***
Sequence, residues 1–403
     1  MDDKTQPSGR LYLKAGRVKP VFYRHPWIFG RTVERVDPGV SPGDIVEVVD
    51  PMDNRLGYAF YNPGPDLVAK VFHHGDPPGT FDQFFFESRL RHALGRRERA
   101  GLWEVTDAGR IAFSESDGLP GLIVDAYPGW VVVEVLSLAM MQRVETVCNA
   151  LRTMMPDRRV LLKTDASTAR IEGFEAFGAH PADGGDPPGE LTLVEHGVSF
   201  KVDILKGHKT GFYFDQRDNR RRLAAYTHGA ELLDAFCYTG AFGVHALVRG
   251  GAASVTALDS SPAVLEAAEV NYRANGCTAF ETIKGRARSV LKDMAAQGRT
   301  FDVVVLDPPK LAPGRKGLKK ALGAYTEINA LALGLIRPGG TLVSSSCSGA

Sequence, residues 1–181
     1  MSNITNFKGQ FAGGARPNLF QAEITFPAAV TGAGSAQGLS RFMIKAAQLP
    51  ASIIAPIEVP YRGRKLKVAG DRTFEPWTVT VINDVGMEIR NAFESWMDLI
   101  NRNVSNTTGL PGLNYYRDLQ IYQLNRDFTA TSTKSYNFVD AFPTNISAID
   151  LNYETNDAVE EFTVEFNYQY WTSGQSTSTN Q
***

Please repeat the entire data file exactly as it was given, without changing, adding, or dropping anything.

Sequence, residues 1–403
     1  MDDKTQPSGR LYLKAGRVKP VFYRHPWIFG RTVERVDPGV SPGDIVEVVD
    51  PMDNRLGYAF YNPGPDLVAK VFHHGDPPGT FDQFFFESRL RHALGRRERA
   101  GLWEVTDAGR IAFSESDGLP GLIVDAYPGW VVVEVLSLAM MQRVETVCNA
   151  LRTMMPDRRV LLKTDASTAR IEGFEAFGAH PADGGDPPGE LTLVEHGVSF
   201  KVDILKGHKT GFYFDQRDNR RRLAAYTHGA ELLDAFCYTG AFGVHALVRG
   251  GAASVTALDS SPAVLEAAEV NYRANGCTAF ETIKGRARSV LKDMAAQGRT
   301  FDVVVLDPPK LAPGRKGLKK ALGAYTEINA LALGLIRPGG TLVSSSCSGA

Sequence, residues 1–181
     1  MSNITNFKGQ FAGGARPNLF QAEITFPAAV TGAGSAQGLS RFMIKAAQLP
    51  ASIIAPIEVP YRGRKLKVAG DRTFEPWTVT VINDVGMEIR NAFESWMDLI
   101  NRNVSNTTGL PGLNYYRDLQ IYQLNRDFTA TSTKSYNFVD AFPTNISAID
   151  LNYETNDAVE EFTVEFNYQY WTSGQSTSTN Q